Shannon Diegel - Program Manager
Shannon is an Assistant Program Manager for The Education Abroad Network (TEAN). She works primarily on TEAN’s Southeast Asia and Summer programs. Shannon studied abroad while attending Loyola University Chicago, which influenced her to move to Bangkok, Thailand to teach English after graduation. Upon returning back to the U.S., she launched her career in international education, helping U.S. high school students study abroad. She is currently pursuing a Master’s Degree in International Education at the SIT Graduate Institute.
You studied abroad with Semester at Sea while in college at Loyola University of Chicago. How did this experience affect your decision to teach English abroad in Thailand?
Studying on Semester at Sea taught me how to feel comfortable when pushed outside my comfort zone. Since we traveled to various locations and were in some ports for only a short period of time, we had to jump in and make the most of our time in country. While I was a little nervous to move to Thailand (I had a momentary breakdown on the flight over), I knew that I had the tools to adjust and make the most of an exciting adventure.
Part of your role includes working on short courses, which typically take place over the summer months. What draws students to this type of study abroad experience?
There are many obstacles for some students studying abroad such as the cost of programs and the time commitment away from a student’s home campus. I love working on the short-course programs so I can help students maximize their time abroad with less-expensive options that don’t interfere with a students on-campus course load. TEAN has some amazing summer programs that ensure students make the most of their time abroad.
You’re currently finishing up a Master’s in International Education from SIT, how are you applying your learning to your work at TEAN?
Generally, my courses at SIT have showed me how international education is beneficial not only for an individual student studying abroad, but also for the host and home societies. Immersing yourself in another culture breaks down stereotypes and prejudices, as does hosting or befriending people from other backgrounds. Specifically, my work at SIT has taught me the importance of developing study abroad programs that ensure a student is well prepared for their experience so they feel a level of comfort that allows them to become an active part of their host community.
What does a typical day look like as Assistant Program Manager for The Education Abroad Network?
Everyday is very different at TEAN. Since I work on the Short-Course and the Southeast Asia programs, I spend a lot of time helping to prepare students and assisting them with their applications. I also answer parent and student questions and coordinate logistics for our short programs. Helping to organize the study abroad fairs that TEAN attends can take up a lot of my time as well. This fall TEAN visited more than 120 partner schools! I also travel to help out at some study abroad fairs, and it great to meet students in person. Being able to meet students preparing to study abroad, or those that are currently studying abroad, is one of the best parts of my job.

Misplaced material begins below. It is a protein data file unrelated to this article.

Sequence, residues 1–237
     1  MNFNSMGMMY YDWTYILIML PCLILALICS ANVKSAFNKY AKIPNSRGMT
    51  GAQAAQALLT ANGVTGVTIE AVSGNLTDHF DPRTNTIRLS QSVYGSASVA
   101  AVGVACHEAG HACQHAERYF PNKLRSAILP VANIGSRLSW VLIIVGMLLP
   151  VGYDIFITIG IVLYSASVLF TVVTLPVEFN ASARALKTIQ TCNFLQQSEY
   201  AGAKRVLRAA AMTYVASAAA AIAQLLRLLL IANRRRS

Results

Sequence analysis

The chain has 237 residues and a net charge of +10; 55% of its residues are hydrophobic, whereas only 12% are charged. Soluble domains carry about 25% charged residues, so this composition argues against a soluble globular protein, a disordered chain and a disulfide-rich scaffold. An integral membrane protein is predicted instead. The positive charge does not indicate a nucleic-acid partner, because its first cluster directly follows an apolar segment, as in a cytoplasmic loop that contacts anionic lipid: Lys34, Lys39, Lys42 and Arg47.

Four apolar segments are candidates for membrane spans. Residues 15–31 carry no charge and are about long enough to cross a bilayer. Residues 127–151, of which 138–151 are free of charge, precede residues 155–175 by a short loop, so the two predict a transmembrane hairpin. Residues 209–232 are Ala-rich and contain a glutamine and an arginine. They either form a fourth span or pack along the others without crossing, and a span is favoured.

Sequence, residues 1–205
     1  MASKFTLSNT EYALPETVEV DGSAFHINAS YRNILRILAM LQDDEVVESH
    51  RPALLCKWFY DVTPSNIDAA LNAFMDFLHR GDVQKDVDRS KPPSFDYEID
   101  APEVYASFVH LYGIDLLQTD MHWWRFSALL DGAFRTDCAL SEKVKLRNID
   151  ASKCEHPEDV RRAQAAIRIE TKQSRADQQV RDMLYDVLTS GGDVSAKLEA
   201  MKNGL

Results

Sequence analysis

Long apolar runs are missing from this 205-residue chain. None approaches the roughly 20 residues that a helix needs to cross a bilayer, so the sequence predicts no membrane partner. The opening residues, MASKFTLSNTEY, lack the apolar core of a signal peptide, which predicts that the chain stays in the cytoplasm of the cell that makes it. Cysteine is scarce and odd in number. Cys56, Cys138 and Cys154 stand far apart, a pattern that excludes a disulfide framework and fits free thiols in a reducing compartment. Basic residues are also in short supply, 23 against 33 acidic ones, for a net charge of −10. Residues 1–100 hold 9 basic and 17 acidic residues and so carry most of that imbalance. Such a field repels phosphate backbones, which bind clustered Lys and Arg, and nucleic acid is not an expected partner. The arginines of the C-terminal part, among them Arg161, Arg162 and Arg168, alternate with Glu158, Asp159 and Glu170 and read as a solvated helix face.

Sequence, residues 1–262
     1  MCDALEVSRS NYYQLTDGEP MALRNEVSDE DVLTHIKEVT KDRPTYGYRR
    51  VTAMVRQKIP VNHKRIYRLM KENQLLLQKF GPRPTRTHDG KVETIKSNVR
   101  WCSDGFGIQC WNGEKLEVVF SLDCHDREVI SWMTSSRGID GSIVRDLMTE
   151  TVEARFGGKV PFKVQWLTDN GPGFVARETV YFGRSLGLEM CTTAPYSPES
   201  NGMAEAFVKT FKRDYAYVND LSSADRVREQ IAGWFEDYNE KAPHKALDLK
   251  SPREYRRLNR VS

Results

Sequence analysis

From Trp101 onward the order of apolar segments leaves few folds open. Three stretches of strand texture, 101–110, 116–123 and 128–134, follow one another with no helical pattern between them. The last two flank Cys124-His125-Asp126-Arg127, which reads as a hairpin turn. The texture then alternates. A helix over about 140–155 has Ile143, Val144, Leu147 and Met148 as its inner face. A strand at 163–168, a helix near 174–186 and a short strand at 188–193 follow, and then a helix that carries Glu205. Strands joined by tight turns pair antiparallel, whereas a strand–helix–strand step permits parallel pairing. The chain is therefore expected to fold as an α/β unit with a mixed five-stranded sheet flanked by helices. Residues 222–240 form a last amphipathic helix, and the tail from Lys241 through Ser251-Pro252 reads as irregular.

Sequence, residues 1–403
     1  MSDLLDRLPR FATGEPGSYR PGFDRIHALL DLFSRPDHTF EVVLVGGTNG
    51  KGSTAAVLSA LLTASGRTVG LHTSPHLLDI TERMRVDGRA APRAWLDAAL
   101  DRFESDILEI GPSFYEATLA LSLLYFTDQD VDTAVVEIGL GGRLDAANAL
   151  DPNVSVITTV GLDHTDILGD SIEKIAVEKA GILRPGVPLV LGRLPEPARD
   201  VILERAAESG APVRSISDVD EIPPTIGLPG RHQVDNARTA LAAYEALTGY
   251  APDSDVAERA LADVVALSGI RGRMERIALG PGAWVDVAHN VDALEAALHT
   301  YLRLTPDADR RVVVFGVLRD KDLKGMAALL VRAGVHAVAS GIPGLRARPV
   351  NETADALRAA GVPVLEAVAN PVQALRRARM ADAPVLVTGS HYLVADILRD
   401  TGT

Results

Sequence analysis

Known for being the Asia-Pacific specialists, how does The Education Abroad Network manage to keep the programming so personalized to students?
I think that TEAN is able to keep the programming so personalized for students because everyone in the office is really familiar with our program destinations. All of us have travelled in the Asia Pacific, when we start working with TEAN we visit our programs abroad, and have additional opportunities to revisit our program locations. It gives us a great advantage to help better prepare students and help advise students on a program that would best fit their needs.
What’s the most important piece of advice you would give to a student headed to one of TEAN’s programs in Southeast Asia?
To narrow it down to just one piece of advice it so difficult! I would say engage one new person in conversation every day. It is easy to say that the language barrier might prevent this, but you would be surprised with how easy it is to communicate with a limited host-country language level. In engaging in these small conversations you can learn a lot and develop connections with the people in your community. It could be a conversation with your neighbor that is always sitting outside as you walk to class, your favorite Thai noodle stand owner, or a student on campus, which really impacts your experience. When you return home, it is these people that you will miss the most!
What’s the favorite part of working at the TEAN office in Chicago?
I love working at TEAN because helping students experience a part of the world that had such an impact on me personally, is awesome. It’s so cool to work for an organization that has a strong focus on the student’s experience and really believes in facilitating life-changing experiences for the students. Talking with the students and their parents make every day different and exciting. The TEAN staff based in Chicago also make coming to work everyday enjoyable. We have some traditions that contribute to an awesome office culture, such as making lunch together on Fridays. I am lucky to work at a place that has a great mission and great people!